In 1985, Disney would release an animated film based on Lloyd Alexander’s The Chronicles of Prydian. It would get the first PG rating to ever be given to a Walt Disney film and it would fail at the box office. The film was entitled The Black Cauldron and is generally regarded as the darkest and most frightening of Disney’s films.
In hindsight, The Black Cauldron seems like it might be Disney’s underrated film. Yes, it’s a dark children’s movie, but in terms of themes it somehow manages to feel less dark than The Hunchback of Notre Dame and manages to feel very cohesive with the tone and world due to be based off of a fantasy series.
The Black Cauldron follows Taran (Grant Bardsley), an assistant pig keeper, who learns from a vision from the pig Hen Wen that The Horned King (John Hurt) is searching for the Black Cauldron to raise an army of undead soldiers, the Cauldron-born. Taran is trusted with taking care of Hen Wen, but due to Taran’s day dreams of being a warrior, he loses track of the pig. While searching for Hen Wen, he meets a creature named Gurgi (John Byner). Taran’s searching leads him to the Horned King’s castle, where the pig is being held captive. The pig escapes and Taran is captured. While in the dungeon, he meets Princess Eilonwy (Susan Sheridan), who has also been captured, grabs an awesome magic sword and helps a bard named Fflewddur Fflam (Nigel Hawthorne) escape. The trio then decides to find Hen Wen and the Black Cauldron, the latter of which they intend to destroy.
This film, directed by Ted Berman and Richard Rich–Rich went on to direct The Swan Princess and its sequels as well as The King and I–looks very much like a classic Disney film in terms of the character design. If someone isn’t looking closely, they could mistake Princess Eilonwy for Princess Aurora when she’s living in the forest. There’s also great coloring in this filming, such as shades of green that highlight areas of the Horned King’s castle as Taran approaches the building for the first time.
Although I can’t criticize the film in relation to its source material as I’ve never read that series, I can say that pretty much everything in the film works because it is set in a mystical fantasy world. From the presence of the adorable Fair Folk that are very fairy-like to vision-granting pigs to witches to the very presence of Gurgi, a talking creature that looks like a dog, but also like a small human, this all works because of the world of the film, which is easy to buy into and believe in this film.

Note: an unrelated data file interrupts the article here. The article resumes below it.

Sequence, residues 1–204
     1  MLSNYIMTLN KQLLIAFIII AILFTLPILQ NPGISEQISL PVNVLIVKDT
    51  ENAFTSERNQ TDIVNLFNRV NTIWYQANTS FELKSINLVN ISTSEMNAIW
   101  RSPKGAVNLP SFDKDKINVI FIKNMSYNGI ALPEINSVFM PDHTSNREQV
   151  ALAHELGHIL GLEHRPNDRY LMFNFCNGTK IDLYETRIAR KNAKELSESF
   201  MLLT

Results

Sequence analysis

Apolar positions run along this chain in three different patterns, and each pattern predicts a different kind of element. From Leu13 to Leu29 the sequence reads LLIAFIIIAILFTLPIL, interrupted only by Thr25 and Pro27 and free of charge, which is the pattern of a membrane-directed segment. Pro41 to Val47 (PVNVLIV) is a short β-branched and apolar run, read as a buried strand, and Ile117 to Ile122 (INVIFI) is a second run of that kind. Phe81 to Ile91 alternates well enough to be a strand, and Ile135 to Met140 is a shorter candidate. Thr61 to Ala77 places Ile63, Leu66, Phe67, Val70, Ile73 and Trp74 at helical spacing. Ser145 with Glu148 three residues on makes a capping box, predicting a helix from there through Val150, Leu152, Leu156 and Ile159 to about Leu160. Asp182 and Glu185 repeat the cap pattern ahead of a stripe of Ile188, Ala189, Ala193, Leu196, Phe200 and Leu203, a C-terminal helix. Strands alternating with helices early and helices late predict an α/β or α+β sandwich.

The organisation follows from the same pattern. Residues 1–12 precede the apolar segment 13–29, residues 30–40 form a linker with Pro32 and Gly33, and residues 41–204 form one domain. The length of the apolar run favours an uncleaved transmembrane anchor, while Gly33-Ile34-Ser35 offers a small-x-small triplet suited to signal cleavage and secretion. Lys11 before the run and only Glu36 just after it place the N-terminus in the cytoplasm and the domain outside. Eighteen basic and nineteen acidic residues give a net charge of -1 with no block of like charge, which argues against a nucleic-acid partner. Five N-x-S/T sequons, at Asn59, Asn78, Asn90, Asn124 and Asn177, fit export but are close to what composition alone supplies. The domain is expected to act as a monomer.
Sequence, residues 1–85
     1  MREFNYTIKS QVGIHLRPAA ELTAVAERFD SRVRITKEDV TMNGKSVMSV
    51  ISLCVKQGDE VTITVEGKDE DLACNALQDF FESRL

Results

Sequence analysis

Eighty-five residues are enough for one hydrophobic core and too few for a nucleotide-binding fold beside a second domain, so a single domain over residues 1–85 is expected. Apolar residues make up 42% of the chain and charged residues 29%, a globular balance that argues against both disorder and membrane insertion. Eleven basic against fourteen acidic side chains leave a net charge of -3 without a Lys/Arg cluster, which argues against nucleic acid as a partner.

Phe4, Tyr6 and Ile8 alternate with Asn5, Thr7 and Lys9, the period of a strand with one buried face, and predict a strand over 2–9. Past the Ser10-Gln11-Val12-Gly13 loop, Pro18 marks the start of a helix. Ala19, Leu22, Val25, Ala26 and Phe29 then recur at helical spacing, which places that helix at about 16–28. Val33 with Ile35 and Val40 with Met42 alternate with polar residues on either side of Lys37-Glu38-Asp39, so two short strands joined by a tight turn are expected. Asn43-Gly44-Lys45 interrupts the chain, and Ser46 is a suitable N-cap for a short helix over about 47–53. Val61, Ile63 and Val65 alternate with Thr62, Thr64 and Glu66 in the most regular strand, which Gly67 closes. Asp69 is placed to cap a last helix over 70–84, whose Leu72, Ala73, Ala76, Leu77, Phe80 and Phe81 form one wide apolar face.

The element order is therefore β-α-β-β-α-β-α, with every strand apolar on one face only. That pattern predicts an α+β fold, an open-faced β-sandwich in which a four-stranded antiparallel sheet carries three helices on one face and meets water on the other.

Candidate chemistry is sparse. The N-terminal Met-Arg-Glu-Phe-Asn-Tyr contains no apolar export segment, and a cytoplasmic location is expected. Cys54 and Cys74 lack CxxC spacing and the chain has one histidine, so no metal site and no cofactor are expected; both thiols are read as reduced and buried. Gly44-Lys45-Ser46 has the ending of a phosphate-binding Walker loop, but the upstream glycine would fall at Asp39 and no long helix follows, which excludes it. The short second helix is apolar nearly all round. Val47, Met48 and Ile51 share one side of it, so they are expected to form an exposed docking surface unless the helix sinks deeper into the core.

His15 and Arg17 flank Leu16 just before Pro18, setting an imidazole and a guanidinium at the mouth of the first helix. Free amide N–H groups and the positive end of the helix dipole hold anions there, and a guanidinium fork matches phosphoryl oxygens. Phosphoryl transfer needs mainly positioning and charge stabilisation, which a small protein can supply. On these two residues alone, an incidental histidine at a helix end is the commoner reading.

Gurgi, meanwhile, serves as this film’s Cute Little Animal Sidekick. At first, Gurgi comes across as an annoying character thrown in to make the film cuter for kids, but as the film goes on, it becomes more clear that Gurgi is as important in this film as the Horned King or Taran. More importantly, Gurgi sacrifices himself to save the world, which is something that most Cute Little Animal Sidekicks would not do. And unlike most Cute Little Animal Sidekicks, Gurgi is not obnoxious or wisecracking, he’s simply a cute creature that talks in a muffled tone.
As for the violence, the violence in The Black Cauldron is no worse than what I’ve seen in some episodes of Cartoon Network’s Adventure Time, which is rated TV-PG. That being said, if you’re a parent who won’t let your children watch Adventure Time, then it might be best to not let them watch The Black Cauldron for a while. On another note, while I’m all for allowing children to watch potentially scary movies, I remember being a bit bored by The Black Cauldron as a child. Perhaps as an adult the movie is easier to appreciate because it’s easier to follow the plot. It still remains that The Black Cauldron is an underrated Disney film that will probably never get its deserved recognition.